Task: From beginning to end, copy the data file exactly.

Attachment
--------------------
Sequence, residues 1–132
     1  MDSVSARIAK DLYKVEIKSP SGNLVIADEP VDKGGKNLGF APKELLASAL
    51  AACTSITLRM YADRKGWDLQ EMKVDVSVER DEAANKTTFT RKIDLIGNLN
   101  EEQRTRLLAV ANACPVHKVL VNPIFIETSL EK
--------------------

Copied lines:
Sequence, residues 1–132
     1  MDSVSARIAK DLYKVEIKSP SGNLVIADEP VDKGGKNLGF APKELLASAL
    51  AACTSITLRM YADRKGWDLQ EMKVDVSVER DEAANKTTFT RKIDLIGNLN
   101  EEQRTRLLAV ANACPVHKVL VNPIFIETSL EK